Since Taisoni was about 10 months old or so, he has been a bad snorer, and it seemed to get even worse as he got older. Sometimes I would watch him sleep and I would see his chest dipping in as he tried to breathe, but no air was going in, and then suddenly he would gasp and stir in his sleep. Other times he would be able to get air in, but it sounded like his airway was very small and it was quite noisy.
July 15 he had his tonsils removed at Primary Children’s Medical Center in Salt Lake City. I had been reading horror stories online about how awful the recovery has been for other moms of toddlers who had their tonsils removed. I wasn’t initially too worried about the whole procedure, until I read those experiences online. I braced myself.
The technique used was a fairly new one called "coblation." It does not use high heat, it does less damage to the healthy surrounding tissue, and has shown significantly better recoveries in clinical studies than the normal laser technique.
Dr Bryan Tagge has performed hundreds, probably thousands, of tonsillectomies, and he finished the procedure in about 10 minutes, if that. He was very cheerful and comforting throughout the whole process. He did also say after the surgery that Soni’s tonsils were about “as big as they get,” and in the 10 years he has been doing this, they were definitely in the top 10% size-wise, and he was very optimistic about the change we would see in his sleeping.
I got to go back and see Soni first. While he was still trying to come out of the anesthesia he was crying and looked as if he was in pain. He wouldn’t look me in the eye, just moaned and cried softly. I held him and rocked him to sleep and waited for an overnight room to be available for us. His oxygen levels were not staying as high as the nurses would like, so we held an oxygen mask near his face as he slept. Once we were set up in a room, Taiyo and my mom came back. Soni slept for about 4 hours total, and then woke up a bit confused at first, but soon became happy. My dad, Erin, and Everett also came to visit, and Soni was excited to see them there. He watched a DVD, played with toys, made animal noises, and laughed. He drank apple juice, and ate 3 cups of jello and a cup of mac-n-cheese. He even said a couple of words that he had never said before, which surprised me.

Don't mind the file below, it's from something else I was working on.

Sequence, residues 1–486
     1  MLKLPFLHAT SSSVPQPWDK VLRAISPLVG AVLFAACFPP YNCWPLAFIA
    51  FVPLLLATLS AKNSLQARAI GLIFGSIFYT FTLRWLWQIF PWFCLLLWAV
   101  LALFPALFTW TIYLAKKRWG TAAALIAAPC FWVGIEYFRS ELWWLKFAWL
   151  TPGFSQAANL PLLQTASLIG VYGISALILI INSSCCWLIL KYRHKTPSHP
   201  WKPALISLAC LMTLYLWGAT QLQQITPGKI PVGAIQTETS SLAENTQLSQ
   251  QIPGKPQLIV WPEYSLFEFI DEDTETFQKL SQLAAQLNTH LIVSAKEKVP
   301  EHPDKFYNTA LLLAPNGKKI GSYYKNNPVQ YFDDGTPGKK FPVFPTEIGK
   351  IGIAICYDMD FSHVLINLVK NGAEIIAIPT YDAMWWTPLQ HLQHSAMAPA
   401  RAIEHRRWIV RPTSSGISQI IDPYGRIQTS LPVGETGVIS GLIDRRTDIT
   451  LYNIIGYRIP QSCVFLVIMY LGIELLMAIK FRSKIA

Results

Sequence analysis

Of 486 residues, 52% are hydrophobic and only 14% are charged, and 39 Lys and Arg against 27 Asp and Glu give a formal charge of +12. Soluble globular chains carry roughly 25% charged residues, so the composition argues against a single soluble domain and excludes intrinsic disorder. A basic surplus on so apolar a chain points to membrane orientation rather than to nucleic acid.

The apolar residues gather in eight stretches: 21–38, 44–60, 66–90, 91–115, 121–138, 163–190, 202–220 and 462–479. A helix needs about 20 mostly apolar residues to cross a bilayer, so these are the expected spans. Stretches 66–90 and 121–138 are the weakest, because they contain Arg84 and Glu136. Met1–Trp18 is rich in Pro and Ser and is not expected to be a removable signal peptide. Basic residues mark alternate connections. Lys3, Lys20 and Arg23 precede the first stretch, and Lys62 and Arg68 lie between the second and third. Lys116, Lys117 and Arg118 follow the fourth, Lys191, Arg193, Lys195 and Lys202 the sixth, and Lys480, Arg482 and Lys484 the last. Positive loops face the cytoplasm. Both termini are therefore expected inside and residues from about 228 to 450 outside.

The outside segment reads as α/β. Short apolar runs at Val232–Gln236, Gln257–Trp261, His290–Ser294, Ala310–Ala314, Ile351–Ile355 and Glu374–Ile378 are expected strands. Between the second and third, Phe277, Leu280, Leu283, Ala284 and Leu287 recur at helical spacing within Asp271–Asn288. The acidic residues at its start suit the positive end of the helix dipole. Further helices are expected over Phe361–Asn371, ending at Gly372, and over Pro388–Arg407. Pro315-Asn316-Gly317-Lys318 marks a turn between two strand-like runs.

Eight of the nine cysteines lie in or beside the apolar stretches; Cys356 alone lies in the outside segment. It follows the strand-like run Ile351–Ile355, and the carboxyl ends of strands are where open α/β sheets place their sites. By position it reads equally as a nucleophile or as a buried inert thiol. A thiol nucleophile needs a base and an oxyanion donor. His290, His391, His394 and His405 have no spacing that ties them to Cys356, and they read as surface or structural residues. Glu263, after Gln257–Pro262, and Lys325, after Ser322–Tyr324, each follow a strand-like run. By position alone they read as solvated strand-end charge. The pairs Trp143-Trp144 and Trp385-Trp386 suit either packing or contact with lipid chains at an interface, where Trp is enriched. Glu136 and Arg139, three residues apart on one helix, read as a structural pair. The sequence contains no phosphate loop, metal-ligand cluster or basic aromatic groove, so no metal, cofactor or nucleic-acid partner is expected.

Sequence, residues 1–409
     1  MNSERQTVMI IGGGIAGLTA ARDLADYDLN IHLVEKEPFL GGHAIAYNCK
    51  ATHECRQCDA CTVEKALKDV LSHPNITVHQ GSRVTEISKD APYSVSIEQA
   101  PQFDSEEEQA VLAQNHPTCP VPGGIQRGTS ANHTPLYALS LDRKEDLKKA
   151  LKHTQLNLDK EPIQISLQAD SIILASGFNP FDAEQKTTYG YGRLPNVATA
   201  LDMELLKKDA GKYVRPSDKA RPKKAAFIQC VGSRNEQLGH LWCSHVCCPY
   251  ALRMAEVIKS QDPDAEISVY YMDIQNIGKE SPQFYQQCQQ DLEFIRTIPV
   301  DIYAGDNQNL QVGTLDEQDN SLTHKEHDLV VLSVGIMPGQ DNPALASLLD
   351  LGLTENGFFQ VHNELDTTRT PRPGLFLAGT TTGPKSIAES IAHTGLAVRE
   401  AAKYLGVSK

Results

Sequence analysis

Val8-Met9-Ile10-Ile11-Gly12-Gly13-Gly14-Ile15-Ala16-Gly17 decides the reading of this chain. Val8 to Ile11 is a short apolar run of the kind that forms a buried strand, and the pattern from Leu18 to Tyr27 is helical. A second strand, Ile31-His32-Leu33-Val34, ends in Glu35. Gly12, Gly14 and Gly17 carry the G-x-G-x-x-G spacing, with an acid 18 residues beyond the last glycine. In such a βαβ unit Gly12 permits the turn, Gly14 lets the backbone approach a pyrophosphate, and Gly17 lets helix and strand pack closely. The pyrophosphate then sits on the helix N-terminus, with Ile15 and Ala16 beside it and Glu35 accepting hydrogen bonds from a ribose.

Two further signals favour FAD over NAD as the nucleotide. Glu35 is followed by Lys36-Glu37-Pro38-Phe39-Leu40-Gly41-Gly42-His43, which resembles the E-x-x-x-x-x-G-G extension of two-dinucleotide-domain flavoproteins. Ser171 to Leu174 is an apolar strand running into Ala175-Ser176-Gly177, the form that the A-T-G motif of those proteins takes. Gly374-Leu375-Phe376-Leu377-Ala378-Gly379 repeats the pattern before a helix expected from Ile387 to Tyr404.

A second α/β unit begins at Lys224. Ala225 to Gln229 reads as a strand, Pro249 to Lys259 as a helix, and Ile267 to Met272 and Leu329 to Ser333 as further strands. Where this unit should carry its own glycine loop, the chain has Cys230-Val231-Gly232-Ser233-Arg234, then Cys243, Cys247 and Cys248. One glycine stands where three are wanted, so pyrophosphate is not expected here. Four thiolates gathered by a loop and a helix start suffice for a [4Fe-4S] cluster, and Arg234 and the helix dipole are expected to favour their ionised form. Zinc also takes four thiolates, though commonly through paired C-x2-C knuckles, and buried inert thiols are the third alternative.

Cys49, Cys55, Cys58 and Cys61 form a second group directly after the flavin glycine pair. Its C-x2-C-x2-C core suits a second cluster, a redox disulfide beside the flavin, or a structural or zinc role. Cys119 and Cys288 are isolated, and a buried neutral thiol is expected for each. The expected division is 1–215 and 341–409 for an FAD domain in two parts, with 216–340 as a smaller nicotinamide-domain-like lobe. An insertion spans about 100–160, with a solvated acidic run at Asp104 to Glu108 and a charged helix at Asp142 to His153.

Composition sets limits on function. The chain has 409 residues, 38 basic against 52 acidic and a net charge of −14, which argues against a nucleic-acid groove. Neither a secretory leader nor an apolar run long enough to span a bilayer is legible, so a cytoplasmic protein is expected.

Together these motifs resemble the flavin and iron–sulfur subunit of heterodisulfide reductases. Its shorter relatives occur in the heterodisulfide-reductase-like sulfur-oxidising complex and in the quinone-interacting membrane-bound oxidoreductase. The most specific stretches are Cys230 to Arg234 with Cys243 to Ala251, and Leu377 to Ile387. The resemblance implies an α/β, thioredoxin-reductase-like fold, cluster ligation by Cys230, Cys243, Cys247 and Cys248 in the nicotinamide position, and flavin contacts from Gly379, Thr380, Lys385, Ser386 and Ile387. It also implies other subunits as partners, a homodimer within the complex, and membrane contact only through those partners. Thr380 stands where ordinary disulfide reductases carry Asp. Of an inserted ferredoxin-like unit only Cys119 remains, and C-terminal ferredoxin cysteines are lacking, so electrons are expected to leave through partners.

That night Taiyo and I stayed with him in the hospital, and he remained hooked up to the oxygen and heart rate monitors so the nurses could monitor him. A few times during the night his oxygen levels dipped, but they resolved themselves each time, so the next morning we were given the go-ahead to go home. Once home, Soni was like his normal self already-- if anything a little more vocal than he used to be. We kept him on his pain meds without breaks for the first few days. Then we began to stretch out the doses, particularly at night, since I did not want to wake him at night more than necessary, and he (thankfully) did not seem to be in pain when he woke up in the mornings, which had been one of my concerns.
Throughout the week things kept going smoothly. He has said “owie” or acted like it hurt probably 3 times total, but each time we gave him some meds and he was back to normal within 10 minutes. He has had no problem eating or drinking. We are now 12 days post-op, and we’re slowly starting to let him eat some “hard” things in small pieces because he wants to eat and has not acted like anything hurts him. By Friday I’ll feel like we’re completely in the clear as far as complications go. I’ll still be cautious a little longer, but I’m really not worried. I feel so blessed that the recovery has gone soooo smoothly. 95% of the time these past 12 days you wouldn't have even had a clue that he had had surgery so recently.
And the results are like night and day, just as the doctor said they would be. I never used to be able to sleep with Soni in the same bed, because he would snore so loudly, and he would be restless, kicking me or flopping his arm into my face, etc… But last night when he came into my room at 4:45 am, I let him in bed with me, expecting to take him back to his room once he fell asleep. But next thing I knew, my morning alarm was going off and I was actually surprised to see Soni beside me because I had forgotten that he was there! He was sooo quiet and not restless at all. His breathing was so peaceful. There has been another unexpected benefit too-- he immediately (same day of surgery even) started saying new words that he had never said before, and putting together a few small sentences. I don't know if that's a coincidence, but I suspect that the opened airway and increased room in his throat has actually widened the scope of sounds he could figure out how to make. I admit that it could be a coincidence, but I feel pretty strongly that the tonsillectomy had an effect. The surgery was 100% worth it.
I took a couple of short videos of him sleeping a few months before the surgery, showing a couple of the ways he would breath, and soon I will take another of the way he sleeps now, and put them together as a sort of “before and after” display. I’m so grateful for the way everything went! I wouldn't trade our experience! I’m grateful for modern technology, good doctors, and family who is willing to take time out of their lives to help us through a process that could have been worse that it was!